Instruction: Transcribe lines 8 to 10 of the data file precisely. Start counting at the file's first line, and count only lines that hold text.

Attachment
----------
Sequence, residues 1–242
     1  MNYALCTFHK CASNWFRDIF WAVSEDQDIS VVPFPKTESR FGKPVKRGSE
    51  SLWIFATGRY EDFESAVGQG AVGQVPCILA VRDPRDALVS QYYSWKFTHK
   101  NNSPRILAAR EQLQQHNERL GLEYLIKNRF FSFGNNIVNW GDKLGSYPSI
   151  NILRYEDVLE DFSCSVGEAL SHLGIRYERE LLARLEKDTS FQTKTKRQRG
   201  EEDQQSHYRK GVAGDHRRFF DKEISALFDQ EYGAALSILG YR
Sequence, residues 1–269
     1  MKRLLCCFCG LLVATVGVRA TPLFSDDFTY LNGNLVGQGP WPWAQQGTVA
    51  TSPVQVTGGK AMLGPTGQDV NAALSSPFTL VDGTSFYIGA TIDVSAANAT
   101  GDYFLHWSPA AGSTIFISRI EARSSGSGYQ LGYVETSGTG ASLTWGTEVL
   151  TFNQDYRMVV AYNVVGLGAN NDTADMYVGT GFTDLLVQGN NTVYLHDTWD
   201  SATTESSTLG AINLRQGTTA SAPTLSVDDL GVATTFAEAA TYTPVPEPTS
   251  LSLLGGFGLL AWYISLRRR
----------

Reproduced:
     1  MKRLLCCFCG LLVATVGVRA TPLFSDDFTY LNGNLVGQGP WPWAQQGTVA
    51  TSPVQVTGGK AMLGPTGQDV NAALSSPFTL VDGTSFYIGA TIDVSAANAT
   101  GDYFLHWSPA AGSTIFISRI EARSSGSGYQ LGYVETSGTG ASLTWGTEVL